Nesting season finishes up

We saw the last two turtles on the last night patrol on 30 June. With lighting off in the distance, our patience paid off as we encountered Molly and Luna one last time each. Overall, the nesting season was slower than usual, with 49 individual turtles identified, laying just over 300 nests (turtles may nest up to 10 times each). Of the 49 females, 15 were turtles new to Sandy Point, while the rest had nested sometime in the past, with 3 turtles nesting as far back as 1995! It’s great to see them returning year after year. Hatchlings began appearing with the first nest that hatched on 20 May; several nests hatched each day following that until 9 August. We had students and volunteers who participated in several research projects this year, including the genetic identification of nesting females (and hatchlings), in-water habitat movement patterns of nesting females and the assessment of injuries on nesting turtles. Each of these projects gives us an opportunity to learn more about these turtles so that more informed management decisions may be made.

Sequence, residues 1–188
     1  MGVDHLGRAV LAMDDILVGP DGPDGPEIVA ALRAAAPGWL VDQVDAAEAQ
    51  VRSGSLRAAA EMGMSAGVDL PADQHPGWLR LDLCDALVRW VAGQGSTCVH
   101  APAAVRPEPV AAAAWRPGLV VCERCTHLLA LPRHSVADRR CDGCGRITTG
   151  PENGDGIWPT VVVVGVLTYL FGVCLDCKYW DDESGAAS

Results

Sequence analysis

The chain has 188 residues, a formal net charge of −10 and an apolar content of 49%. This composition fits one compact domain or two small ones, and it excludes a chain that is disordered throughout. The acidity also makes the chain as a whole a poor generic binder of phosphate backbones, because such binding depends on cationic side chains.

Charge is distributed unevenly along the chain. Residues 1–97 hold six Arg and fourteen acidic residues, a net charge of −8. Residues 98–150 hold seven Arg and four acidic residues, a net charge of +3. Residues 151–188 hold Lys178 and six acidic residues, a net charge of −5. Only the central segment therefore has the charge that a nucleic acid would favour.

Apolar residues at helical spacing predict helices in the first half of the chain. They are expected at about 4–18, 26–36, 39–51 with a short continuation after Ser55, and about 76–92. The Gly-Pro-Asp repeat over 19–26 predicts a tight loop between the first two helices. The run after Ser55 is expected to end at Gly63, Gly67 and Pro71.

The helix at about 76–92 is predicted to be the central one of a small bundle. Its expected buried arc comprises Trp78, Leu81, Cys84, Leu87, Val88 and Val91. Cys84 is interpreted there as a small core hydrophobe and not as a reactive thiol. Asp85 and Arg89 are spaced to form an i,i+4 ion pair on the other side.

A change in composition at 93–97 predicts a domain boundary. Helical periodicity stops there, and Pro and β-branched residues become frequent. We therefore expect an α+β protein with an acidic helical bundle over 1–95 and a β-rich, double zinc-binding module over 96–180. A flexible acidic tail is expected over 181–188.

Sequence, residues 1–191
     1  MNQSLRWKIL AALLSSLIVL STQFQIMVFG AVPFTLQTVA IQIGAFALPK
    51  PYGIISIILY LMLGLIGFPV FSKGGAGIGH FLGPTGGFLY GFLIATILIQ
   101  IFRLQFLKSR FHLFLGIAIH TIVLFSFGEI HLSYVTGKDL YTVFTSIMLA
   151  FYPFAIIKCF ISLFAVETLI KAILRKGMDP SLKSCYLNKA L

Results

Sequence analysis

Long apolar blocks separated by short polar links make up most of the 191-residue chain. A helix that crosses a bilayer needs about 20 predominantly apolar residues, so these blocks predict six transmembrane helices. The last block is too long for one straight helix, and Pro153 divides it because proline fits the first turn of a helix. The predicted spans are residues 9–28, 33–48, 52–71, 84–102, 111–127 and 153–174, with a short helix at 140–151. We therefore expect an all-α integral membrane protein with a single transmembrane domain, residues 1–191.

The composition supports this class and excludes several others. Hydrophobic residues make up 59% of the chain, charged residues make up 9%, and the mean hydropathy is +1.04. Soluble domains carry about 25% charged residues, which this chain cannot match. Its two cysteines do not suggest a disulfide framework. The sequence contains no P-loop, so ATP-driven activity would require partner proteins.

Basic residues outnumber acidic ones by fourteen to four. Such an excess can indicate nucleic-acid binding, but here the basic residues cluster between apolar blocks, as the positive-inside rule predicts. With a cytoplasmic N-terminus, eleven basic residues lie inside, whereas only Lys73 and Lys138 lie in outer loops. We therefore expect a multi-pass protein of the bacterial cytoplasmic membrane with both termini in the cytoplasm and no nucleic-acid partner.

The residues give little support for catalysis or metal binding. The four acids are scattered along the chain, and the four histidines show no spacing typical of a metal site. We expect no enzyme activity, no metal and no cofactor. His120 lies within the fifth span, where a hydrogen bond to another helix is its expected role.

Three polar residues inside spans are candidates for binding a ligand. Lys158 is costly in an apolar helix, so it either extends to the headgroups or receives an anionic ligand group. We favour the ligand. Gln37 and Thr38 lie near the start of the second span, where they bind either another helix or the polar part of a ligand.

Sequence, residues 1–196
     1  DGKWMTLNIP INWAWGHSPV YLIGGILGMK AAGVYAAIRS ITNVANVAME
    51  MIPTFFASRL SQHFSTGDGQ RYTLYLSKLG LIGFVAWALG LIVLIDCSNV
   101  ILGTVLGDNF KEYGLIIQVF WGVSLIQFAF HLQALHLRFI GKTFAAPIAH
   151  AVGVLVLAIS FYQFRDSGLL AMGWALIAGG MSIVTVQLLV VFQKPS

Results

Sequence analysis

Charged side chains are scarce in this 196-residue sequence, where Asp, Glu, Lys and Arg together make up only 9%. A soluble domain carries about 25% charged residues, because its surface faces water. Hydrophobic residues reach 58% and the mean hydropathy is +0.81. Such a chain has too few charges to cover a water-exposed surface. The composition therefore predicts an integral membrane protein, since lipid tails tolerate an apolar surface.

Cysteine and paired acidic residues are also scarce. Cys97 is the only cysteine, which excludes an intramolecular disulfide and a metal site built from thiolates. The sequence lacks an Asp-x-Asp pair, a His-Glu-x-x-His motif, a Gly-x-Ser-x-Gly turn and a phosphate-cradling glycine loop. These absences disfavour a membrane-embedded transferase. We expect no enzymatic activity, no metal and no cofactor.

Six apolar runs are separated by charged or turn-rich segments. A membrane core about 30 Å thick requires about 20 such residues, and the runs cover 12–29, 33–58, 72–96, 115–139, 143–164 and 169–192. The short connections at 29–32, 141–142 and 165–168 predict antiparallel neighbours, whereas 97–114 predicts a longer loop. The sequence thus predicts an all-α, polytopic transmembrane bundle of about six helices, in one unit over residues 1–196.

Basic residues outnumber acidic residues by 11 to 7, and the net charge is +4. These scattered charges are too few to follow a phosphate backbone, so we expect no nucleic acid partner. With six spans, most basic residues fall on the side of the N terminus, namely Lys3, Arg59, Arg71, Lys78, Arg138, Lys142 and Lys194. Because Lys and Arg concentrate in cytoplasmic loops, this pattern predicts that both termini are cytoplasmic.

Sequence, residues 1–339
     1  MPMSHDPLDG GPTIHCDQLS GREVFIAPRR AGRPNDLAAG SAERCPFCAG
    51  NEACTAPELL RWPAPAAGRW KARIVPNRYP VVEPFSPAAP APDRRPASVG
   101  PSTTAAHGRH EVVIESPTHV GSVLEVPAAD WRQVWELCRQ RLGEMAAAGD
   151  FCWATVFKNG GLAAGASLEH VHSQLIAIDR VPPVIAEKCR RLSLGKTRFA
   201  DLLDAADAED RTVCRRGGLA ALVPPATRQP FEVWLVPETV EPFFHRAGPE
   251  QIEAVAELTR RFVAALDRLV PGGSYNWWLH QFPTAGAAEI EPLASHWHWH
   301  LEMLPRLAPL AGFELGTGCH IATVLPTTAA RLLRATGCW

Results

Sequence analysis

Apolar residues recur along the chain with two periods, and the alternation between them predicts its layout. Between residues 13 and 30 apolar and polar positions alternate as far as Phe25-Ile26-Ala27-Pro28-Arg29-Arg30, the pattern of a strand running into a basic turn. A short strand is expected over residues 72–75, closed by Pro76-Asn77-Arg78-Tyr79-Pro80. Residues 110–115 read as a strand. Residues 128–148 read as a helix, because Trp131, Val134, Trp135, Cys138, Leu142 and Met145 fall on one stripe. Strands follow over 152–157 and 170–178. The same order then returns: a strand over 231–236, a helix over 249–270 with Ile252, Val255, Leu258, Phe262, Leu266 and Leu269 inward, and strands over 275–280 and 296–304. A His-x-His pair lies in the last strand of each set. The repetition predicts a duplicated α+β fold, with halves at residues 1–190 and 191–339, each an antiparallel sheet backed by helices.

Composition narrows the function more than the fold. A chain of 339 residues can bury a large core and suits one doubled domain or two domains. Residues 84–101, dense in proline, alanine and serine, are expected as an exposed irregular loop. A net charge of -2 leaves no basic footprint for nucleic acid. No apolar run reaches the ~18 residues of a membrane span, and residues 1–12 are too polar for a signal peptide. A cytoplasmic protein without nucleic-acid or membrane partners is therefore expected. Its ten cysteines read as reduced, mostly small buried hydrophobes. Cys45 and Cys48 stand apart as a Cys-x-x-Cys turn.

STEM STAR Teacher Researcher Christina sorts plastic trash for a study she did on marine debris on a sea turtle nesting beach. Conclusion – LOTS of plastics…

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